Tuesday, October 08, 2013

General Dynamics Land Systems Europe SK 105. Outside chance for the 82nd Airborne Tank?

I have been trying hard to figure out what vehicles the US Army would pick to compete for the 82nd's Airborne Tank Regiment.

Immediately BAE's CV-90120T came to mind but after that I was stumped.  Many people suggested the French ERC 90, but that vehicle is out of production so what could fill the need?  Almost every vehicle that I came up with wasn't a light tank but actually a mobile gun system mounted on wheeled vehicles.

Larger offerings in this category that come closer to what I believe the army is looking for are not transportable or droppable by C-130.

Then I remembered General Dynamics Land Systems Europe still has a dinosaur from the '60's listed on their site.

The SK-105!

Stats follow via GDLSE website.
The SK 105 is a light tank family of vehicles with a rifled 105 mm gun. The latest version of the vehicle (A2) incorporates a 2-axis stabilized turret with electrical drives. It further provides its users with latest generation IR sights, a ballistic computer and the ability to fire APFSDS rounds for increased lethality.
Due to its low weight, the SK 105 can be transported by C-130 Hercules transport aircraft or amphibious assault boats. This vehicle is specifically designed for mountainous terrain or areas with reduced infrastructure and has an improved climbing ability and maneuverability compared to heavier main battle tanks.
SK 105 A1
SK 105 A2
Greif armored recovery vehicle
Engineering vehicle
SK105 driver training vehicle
Armored personnel carrier
Mortar vehicle
What has me most geeked about this offering (and the BAE product) is the fact that we're looking at a family of vehicles.

We could, if the Army follows through, finally see that long lusted for but never achieved...Mechanized Airborne Forces!

That would be a serious.  Serious.  Oh shit type force that would compete with the Marine Corps realistically as a forcible entry option.  Instead of seizing an airport and moving out at 3 miles an hour, you could either parachute or LAPES in a mechanized force that can go out and kick ass.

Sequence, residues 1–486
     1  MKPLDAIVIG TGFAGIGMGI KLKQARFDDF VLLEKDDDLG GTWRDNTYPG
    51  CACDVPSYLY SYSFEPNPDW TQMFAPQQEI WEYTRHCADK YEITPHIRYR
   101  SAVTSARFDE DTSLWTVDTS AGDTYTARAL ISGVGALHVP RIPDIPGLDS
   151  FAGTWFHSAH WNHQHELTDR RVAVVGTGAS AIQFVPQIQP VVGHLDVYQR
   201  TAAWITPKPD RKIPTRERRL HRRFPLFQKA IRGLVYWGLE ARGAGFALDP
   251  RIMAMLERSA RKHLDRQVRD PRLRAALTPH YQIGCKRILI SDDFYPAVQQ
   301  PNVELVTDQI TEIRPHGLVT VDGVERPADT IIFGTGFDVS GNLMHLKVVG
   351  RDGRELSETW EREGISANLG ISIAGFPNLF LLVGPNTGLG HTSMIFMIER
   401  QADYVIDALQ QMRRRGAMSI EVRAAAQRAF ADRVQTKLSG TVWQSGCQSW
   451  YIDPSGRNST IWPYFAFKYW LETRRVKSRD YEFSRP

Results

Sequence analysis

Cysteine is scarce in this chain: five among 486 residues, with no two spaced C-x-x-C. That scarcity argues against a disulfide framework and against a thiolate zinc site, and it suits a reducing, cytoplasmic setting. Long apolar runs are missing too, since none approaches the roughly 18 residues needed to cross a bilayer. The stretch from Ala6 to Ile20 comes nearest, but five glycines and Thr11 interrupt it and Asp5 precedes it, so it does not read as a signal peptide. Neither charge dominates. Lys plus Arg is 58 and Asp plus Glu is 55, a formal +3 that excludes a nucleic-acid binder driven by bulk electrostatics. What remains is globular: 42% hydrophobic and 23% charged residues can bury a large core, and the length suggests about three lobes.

SIDENOTE:  I just realized when trying to see what Army procurements officials were looking at in finding an off the shelf vehicle, exactly how limited armor innovation is becoming.  There are no new designs coming out of any of the design houses except BAE.  Even there new concepts are getting crushed.  Remember the SEP?  That had all the hallmarks of an outstanding 8 or 6 wheeled APC.  Modular for real and not just a talking point and it could get no buyers.  Instead we're seeing improvements on vehicles that were designed in the 60's and 70's.  Once the current design teams break up or retire, armor development in the West is going to stagnate.  The only good news is that Russia and China aren't putting together anything outstanding either.  TURKEY, S. KOREA, JAPAN and SINGAPORE will probably become the leaders in tank development. 


  1. I think you've posted before but I'm just repeating how much I missed the chance for the AAI RDF/LT.


  2. Wow, that AAI prototype still looks modern.

    However, the Army will probably go with the AGS that they tested in the late 1990s.

  3. what about the General Dynamics ASCOD LT105

  4. The Sk 105 and Saurer APC are OLD. And only the Austrians really used the Saurer.

    If you look at the vehicle, it is tiny. Nominally it says it can carry 2+8, but I have doubts. I've seen them up close and there is no way you could get 8 modern infantryman wearing body armor, webbing, etc. This was built for skinny guys from the 60's, carrying a Stg58 and 8 20rd mags, canteen, bread bag, Y-straps, bayonet and a small linen rucksack.

    Interestingly enough, the base model is 15 tons, three plus tons more than a stripped down base M113. No aluminum.

    I'm not saying it couldn't be done, but you would need more of them nowadays. Plus, I bet the CV90-120 has better optics and imaging eqiupment than the Sk 105.

  5. Some ideas for the 82nd:

  6. I am going with the Army wasting slightly less than 100 million on this program then cancelling it when it fails because impossible design requirements, or vehicles become way to expensive.

    I am an optimist because I think it will fail well before the waste a billion on it.


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